Moment African ‘teenage’ migrants chase after UK-bound vans in broad daylight in sleepy village in northern France, where it’s ‘easier’ to target drivers than in Calais
- Desperate migrants targeting smaller coastal villages in bid to get to Britain
- Northern ports have less security than the heavily policed Calais or Dunkirk
- Sleepy Normandy town of Ouistreham sees daily attempts to board vehicles
- Migrants sleep in ditches on edge of town waiting for chance to chase lorries
Desperate migrants have moved on to coastal villages further along the French coast in their bid to get to Britain because the less fortified towns have fewer security patrols than the heavily policed Calais border, Sky News found.
In the quiet Normandy fishing port of Ouistreham, more than 200 miles from Calais, young African men and boys were filmed clambering in broad daylight to get on board trucks and vans in their bid to reach the UK.
This morning @SkyNews we are looking at the continued pressures & strains migration is causing in Northern France. We’ve filmed scores of young Sudanese teenagers dangerously chancing it on trucks to the UK – not in Calais but at a smaller less secure port – 🎥 THREAD pic.twitter.com/2pBdqClF8M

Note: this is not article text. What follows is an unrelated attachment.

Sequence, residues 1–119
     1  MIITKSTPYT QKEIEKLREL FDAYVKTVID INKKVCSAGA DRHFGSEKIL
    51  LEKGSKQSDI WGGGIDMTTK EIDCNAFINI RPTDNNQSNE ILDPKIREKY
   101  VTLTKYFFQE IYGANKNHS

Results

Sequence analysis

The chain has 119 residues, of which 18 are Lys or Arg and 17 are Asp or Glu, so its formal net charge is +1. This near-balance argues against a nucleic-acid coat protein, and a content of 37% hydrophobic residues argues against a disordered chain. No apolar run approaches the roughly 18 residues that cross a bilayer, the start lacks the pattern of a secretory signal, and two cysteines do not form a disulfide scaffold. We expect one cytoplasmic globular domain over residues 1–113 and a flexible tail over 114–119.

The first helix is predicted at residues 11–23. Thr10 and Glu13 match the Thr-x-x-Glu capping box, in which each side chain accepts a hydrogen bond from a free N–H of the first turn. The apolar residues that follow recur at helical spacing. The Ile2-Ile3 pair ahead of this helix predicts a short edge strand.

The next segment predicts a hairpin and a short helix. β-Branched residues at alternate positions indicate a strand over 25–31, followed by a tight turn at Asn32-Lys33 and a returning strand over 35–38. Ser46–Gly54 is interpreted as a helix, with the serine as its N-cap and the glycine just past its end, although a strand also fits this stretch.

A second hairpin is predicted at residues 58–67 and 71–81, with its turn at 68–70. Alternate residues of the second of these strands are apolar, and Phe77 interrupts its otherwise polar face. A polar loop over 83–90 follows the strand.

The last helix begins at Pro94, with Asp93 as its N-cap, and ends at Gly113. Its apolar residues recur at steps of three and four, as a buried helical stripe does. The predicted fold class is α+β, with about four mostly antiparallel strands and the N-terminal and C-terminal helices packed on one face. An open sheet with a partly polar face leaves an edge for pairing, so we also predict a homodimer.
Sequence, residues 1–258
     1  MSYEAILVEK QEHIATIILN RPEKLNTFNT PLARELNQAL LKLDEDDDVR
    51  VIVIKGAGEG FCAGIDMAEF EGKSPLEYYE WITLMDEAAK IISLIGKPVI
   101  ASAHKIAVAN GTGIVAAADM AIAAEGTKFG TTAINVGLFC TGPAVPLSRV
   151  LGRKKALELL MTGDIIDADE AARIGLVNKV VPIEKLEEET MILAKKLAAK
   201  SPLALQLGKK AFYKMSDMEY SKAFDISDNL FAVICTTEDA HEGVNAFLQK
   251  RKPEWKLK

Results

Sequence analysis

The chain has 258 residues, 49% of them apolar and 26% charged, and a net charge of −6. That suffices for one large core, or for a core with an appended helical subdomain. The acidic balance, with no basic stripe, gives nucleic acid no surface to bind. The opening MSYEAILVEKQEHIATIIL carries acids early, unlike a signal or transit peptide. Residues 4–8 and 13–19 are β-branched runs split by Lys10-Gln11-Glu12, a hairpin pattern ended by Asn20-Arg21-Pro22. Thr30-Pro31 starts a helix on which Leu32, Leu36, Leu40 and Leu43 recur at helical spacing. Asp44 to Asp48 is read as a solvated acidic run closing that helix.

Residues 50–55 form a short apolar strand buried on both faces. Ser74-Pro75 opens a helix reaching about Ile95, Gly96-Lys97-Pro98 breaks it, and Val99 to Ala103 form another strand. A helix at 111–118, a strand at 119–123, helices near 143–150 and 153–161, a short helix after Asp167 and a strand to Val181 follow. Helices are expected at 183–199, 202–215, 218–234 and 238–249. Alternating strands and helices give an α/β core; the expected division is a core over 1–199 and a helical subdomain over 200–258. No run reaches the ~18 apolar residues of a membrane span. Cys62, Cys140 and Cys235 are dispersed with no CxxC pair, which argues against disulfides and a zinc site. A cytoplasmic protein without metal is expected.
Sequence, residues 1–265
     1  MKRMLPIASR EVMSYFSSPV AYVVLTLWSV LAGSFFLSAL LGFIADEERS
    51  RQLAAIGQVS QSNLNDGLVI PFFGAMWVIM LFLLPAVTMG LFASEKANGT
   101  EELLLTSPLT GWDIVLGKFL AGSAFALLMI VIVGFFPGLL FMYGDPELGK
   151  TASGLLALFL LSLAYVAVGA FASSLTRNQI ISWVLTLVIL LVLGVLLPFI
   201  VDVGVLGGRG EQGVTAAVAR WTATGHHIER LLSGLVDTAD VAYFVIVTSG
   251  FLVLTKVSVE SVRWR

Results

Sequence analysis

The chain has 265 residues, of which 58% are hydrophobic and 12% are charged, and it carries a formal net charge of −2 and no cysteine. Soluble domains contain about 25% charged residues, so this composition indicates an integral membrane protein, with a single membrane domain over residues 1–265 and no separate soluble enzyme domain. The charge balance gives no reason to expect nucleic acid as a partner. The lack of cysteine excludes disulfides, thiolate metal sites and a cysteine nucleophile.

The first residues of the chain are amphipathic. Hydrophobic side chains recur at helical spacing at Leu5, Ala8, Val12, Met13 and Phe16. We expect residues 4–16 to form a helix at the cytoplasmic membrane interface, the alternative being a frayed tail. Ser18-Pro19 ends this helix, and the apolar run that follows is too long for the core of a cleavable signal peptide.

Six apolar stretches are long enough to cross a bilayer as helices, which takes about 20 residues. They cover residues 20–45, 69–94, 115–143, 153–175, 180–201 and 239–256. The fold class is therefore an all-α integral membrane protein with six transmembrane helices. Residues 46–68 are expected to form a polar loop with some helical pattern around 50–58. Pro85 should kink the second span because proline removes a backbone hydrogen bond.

— Mark Stone (@Stone_SkyNews) September 7, 2018
The Normandy fishing port of Ouistreham sees daily attempts by African migrants trying to board lorries and truck bound for Britain
Young men chase a lorry down the small coast town in a desperate bid to get to the UK
Town’s such as Ouistreham are easier to target due to the narrow roads, which mean trucks have to go slower and there are less police around than at the heavily guarded port of Calais
One attempt to board a vehicle happened as a truck went round a corner and three men tried to pull the back doors open then jump inside, but the truck was going too fast.
Another clip shows 10 migrants successfully pulling open a set of back doors before all but two managed to climb in the back without the driver realising.
A further clip showed a group of around nine African men desperately chasing a red lorry as it went down a main road in the town, without getting near it to open the doors.
The port of Caen sits in Ouistreham, with daily ferry services to Portsmouth. Trucks and vans are vulnerable because drivers have to pass through the narrow roads and streets and often at slow speeds.
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